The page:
Revolute joint

From Wikipedia, the free encyclopedia
Jump to navigation Jump to search
Revolute joint cutaway view
Revolute joint with shoulders cutaway view
Revolute joint with and without shoulders cutaway view

A revolute joint (also called pin joint or hinge joint) is a one-degree-of-freedom kinematic pair used frequently in mechanisms and machines.[1] The joint constrains the motion of two bodies to pure rotation along a common axis. The joint does not allow translation, or sliding linear motion, a constraint not shown in the diagram. Almost all assemblies of multiple moving bodies include revolute joints in their designs. Revolute joints are used in numerous applications such as door hinges, mechanisms, and other uni-axial rotation devices.[2]

A revolute joint is usually made by a pin or knuckle joint, through a rotary bearing . It enforces a cylindrical contact area, which makes it a lower kinematic pair, also called a full joint. However, If there is any clearance between the pin and hole (as there must be for motion), so-called surface contact in the pin joint actually becomes line contact.[3]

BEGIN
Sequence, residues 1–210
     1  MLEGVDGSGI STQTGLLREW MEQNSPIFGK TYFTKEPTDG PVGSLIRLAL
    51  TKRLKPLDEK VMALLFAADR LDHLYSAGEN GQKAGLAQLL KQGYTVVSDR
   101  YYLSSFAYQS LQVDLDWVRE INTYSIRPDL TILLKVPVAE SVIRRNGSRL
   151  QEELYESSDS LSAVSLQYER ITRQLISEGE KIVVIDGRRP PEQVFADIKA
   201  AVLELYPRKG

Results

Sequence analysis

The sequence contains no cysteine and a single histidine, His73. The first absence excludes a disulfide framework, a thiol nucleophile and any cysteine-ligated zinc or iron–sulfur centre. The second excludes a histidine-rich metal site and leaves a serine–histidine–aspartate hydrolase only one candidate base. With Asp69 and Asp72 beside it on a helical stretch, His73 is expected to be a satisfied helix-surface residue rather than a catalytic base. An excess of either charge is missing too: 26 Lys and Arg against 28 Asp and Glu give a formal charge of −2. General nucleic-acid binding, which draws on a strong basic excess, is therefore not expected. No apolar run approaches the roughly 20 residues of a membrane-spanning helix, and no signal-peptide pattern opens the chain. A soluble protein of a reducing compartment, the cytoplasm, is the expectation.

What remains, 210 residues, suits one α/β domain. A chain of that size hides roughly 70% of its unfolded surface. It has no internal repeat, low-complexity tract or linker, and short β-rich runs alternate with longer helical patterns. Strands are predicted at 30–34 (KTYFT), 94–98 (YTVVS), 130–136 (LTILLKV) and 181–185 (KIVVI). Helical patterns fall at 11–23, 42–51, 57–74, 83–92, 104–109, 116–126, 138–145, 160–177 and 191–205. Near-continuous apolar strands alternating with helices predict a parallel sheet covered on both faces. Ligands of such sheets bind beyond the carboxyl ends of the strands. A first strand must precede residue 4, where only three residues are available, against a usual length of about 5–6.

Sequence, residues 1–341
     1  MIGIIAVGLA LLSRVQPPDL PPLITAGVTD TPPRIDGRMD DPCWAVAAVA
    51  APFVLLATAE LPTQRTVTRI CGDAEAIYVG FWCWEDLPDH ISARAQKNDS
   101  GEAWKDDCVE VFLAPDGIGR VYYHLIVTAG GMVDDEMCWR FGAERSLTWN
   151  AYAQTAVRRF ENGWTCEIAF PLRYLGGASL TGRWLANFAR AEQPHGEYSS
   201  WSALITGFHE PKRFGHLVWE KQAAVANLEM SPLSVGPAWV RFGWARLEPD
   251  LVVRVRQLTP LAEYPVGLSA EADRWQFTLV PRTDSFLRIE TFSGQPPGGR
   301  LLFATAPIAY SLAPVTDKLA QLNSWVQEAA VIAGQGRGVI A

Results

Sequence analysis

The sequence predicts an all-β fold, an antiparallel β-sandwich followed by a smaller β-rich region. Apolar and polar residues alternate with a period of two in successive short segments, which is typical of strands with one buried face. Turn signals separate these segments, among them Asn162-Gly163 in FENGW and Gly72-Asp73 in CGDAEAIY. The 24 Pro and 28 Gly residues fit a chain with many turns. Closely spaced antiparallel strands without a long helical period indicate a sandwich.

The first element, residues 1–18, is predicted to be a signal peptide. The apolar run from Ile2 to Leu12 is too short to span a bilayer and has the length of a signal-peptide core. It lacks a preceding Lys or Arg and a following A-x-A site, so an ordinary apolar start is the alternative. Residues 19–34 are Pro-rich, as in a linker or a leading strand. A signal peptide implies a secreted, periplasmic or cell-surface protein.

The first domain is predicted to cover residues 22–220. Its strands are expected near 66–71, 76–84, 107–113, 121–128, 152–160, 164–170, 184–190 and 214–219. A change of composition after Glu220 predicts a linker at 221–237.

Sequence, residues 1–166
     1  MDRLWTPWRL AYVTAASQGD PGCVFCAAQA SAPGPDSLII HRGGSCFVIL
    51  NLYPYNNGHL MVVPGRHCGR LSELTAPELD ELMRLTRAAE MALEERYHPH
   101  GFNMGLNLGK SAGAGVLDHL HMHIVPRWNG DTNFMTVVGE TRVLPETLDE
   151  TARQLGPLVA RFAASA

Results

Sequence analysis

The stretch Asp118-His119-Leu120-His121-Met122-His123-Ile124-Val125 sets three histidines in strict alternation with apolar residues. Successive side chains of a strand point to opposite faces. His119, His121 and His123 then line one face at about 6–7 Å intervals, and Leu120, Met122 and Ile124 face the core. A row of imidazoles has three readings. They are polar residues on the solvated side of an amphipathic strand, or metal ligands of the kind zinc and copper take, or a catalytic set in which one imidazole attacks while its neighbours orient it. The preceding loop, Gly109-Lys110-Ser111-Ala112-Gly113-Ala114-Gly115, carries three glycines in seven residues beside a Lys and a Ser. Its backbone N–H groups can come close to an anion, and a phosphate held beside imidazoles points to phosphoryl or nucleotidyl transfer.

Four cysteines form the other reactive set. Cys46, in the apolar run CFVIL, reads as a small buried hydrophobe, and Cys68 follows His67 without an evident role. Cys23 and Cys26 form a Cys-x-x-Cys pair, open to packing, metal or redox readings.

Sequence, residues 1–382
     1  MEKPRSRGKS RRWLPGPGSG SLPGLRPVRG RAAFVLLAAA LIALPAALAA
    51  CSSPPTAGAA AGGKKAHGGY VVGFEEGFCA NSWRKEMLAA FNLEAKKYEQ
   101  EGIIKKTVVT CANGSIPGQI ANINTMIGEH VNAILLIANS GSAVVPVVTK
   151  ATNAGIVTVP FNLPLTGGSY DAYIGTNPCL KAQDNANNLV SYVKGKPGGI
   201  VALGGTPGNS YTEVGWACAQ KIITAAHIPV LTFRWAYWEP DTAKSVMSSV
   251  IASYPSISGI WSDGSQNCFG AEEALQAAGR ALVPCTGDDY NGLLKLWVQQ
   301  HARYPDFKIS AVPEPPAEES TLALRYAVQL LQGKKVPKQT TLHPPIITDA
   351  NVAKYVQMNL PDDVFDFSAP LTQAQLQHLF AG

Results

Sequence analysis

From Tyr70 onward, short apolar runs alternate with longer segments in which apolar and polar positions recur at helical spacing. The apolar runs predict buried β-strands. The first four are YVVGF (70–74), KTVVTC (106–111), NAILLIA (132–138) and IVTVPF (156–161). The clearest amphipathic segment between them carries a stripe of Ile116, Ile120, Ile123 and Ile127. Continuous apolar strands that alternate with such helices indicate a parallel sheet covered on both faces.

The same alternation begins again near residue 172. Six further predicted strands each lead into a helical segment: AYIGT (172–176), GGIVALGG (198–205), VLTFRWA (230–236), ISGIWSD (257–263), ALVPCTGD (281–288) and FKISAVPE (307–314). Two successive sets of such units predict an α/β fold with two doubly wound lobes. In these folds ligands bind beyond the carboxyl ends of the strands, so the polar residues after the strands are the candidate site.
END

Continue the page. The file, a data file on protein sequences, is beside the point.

The contact between the inner and outer cylindrical surfaces is usually assumed to be frictionless. But some use simplified models assume linear viscous damping in the form , where T is the friction torque, ω is the relative angular velocity, and B is the friction constant. Some more complex models take stiction and stribeck effect into consideration.[4]

The door handle rotates an internal revolute joint to retract or release the latch bolt of the spring latch

See also[edit]


  1. ^ Norton, Robert L. (2008). "2". Design of Machinery (4th ed.). Boston, MA: McGraw Hill Higher Education. p. 33. ISBN 978-0-07-312158-1.
  2. ^ Robotics Research Group. "Joint Types". University of Texas at Austin. Archived from the original on 2009-03-11. Retrieved 2009-02-04.
  3. ^ Norton, Robert L. Design of machinery: an introduction to the synthesis and analysis of mechanisms and machines. Boston: McGraw-Hill Higher Education, 2004. p. 31.
  4. ^ Moore, Jacobs. "Bearing Friction". Mechanics Map. Retrieved June 6, 2020.